The top ten private equity-backed companies in the UK reportedly contributed no corporation tax in aggregate to the Treasury in 2006, adding further fuel to the recent controversy over the industry’s tax treatment.
In fact, the 10 companies between them received a net credit from the exchequer of £11 million (€16.4 million; $21.6 million), according to the Daily Telegraph, based on analysis of Companies House filings. This was despite combined sales of more than £12 billion and operating profits of more than £400 million.
Under the current tax regime, the 40 percent corporation tax is only levied on profits after interest payments on outstanding debt have been deducted. Since private equity firms usually finance their acquisitions using a substantial amount of debt, the companies they buy will usually face a hefty interest bill. This can often mean they pay less tax as a result.
The Telegraph cited the example of New Look, a clothing retailer owned by buyout firms Apax and Permira – the 7th biggest firm by turnover. The company’s operating profits increased from £84.6 million to £108 million between 2003 and 2006, but its tax bill actually dropped from £25.9 million to £10.7 million because it is now paying £81.5m interest on its debt.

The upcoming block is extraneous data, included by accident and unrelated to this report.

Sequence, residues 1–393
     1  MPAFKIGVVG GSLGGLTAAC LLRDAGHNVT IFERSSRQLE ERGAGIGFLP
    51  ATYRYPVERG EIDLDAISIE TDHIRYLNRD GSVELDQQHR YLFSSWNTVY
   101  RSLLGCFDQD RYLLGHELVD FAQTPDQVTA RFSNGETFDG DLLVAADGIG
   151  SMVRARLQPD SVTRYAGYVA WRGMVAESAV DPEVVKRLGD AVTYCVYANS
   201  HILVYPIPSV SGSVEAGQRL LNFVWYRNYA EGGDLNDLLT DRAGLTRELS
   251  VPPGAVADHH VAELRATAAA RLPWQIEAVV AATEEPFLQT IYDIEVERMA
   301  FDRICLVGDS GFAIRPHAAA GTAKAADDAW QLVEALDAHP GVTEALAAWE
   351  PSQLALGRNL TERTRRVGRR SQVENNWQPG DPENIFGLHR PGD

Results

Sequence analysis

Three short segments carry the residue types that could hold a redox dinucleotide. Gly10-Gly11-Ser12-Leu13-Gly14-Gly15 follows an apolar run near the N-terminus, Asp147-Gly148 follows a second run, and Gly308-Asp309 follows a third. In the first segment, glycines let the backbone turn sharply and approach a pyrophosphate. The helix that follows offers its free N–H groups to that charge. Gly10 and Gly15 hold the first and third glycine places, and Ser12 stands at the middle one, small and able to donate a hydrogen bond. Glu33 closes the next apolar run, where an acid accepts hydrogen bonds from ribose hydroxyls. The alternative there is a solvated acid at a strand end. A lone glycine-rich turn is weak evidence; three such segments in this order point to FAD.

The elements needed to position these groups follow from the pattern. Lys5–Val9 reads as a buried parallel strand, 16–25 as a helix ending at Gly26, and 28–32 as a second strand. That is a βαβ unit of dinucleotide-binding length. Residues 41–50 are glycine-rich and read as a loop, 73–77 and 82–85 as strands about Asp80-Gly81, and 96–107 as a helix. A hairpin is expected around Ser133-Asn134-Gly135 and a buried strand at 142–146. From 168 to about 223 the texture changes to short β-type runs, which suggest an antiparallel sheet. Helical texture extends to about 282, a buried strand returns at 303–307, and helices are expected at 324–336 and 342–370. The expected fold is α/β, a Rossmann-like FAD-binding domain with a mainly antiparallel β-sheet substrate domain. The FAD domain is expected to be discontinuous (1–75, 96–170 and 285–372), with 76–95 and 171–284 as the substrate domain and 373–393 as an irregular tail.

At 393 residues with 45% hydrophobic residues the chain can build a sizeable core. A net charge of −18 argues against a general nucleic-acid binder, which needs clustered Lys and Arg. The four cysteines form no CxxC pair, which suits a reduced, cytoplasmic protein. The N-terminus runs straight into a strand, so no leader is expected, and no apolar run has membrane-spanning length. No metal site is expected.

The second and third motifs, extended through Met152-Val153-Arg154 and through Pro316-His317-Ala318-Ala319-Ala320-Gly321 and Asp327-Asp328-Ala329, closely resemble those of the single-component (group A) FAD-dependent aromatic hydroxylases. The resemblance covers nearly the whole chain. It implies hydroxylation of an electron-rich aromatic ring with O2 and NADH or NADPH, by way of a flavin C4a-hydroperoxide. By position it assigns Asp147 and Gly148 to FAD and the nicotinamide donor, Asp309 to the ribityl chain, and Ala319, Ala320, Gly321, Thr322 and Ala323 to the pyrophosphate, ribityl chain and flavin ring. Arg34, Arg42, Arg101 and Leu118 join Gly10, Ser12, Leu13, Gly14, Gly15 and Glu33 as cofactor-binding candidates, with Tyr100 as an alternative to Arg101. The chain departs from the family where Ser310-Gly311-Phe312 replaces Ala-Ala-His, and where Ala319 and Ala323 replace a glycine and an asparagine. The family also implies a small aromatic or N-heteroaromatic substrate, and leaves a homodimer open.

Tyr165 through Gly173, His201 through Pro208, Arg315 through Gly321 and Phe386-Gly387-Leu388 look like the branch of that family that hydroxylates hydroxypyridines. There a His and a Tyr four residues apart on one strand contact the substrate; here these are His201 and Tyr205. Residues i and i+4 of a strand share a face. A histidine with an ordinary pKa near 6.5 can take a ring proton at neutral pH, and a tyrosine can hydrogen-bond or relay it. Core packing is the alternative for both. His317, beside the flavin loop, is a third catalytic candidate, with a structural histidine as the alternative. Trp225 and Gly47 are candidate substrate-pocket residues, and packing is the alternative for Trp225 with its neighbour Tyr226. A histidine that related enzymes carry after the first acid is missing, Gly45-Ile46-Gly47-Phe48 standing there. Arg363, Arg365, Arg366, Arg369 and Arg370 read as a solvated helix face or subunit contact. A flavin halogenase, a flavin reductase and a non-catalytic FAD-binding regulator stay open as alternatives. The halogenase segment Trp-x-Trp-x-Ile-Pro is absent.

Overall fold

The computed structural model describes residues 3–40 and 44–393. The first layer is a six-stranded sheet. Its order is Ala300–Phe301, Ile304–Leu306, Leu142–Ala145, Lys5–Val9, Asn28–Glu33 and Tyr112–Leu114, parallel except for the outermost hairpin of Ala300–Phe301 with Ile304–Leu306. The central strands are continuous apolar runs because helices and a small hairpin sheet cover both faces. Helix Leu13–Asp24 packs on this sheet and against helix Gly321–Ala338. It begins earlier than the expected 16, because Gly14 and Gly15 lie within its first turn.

Nonetheless, New Look had the highest corporation tax bill of all the ten companies. Four others – Brakes, Iceland, United Biscuits and Linpac – received a corporation tax credit from the exchequer. Only three of the companies reported a profit after interest payments had been deducted.
Yesterday Aggreko chairman Rupert Soames called on the government to review the tax treatment of private equity, on the grounds that it left other companies facing bigger tax bills.
However, the BVCA has been at pains to point out that the tax rules are the same for every company, and private equity-backed firms enjoy no special treatment.